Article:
Little boy Teddy was frantic. He had something in his eye. At the emergency room they had him on his back while they flushed hosed water over his open eye. “Be all done!” he shouted over and over again. “Be all done!”
Years later, Ted at age 20 had flunked out of college for the second time, was living in a room off campus without a job, friends or money. He was doing drugs and drinking alcohol 22 hours of every day. “Be all done,” I thought constantly. “Be all done.”
When I traveled the hour to meet him at the coffeeshop I didn’t know why he seldom left his basement apartment, so depressed. I felt sick when he asked me to buy him another sandwich for later. I hated not giving him money. He looked pale and was silent. Be all done.
I read that Jesus held out His strong arm out and told the life-endangering storm, “Be still,” and it was. He said to the long-dwelling demons who plagued a man’s son, “Come out,” and they did. For 12 years a woman bled with no cure until one afternoon she made her way to the Man of Hope. Her touch prompted the bleeding’s end and she left well. Today could be the day.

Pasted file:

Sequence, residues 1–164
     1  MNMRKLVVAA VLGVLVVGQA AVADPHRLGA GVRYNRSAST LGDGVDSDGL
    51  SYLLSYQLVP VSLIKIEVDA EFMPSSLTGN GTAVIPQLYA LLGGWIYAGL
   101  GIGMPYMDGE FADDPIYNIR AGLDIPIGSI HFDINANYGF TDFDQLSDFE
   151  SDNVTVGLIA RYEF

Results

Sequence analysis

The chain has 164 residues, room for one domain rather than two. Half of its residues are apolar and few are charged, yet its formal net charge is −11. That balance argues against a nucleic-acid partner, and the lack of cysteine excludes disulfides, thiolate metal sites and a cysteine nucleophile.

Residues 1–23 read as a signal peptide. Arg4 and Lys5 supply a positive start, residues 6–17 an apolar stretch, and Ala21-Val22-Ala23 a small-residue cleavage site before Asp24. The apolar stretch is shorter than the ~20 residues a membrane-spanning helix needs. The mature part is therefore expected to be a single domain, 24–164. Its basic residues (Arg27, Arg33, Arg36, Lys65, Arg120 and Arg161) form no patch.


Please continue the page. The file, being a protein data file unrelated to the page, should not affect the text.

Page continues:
In the book of Job, appropriately enough, God chooses that day. Remember Job? His life was as sucky as it gets and although he tries nobly to be patient, he’s had enough. God reminds Job that God Himself calls the shots. In a litany of “Only God can do these things and you’re not God,” to Job, God says of the sea, “And I (God) said, ‘Thus far you shall come, but no farther; And here your proud waves will stop.’” That’s Who draws the line in the sand.
My friend Cindy likes that image. We used it a lot in the waiting room last spring when her 27 year-old athletic doctor son was intubated while hanging on to life in severe mononucleosis. Go this far, mono, and go no further. We had used it before when my son was hanging on to life in drug addiction.
The mono stopped, the drug-using stopped, the bleeding, the storm and the demons ended. Make it be all done please, Man of Hope.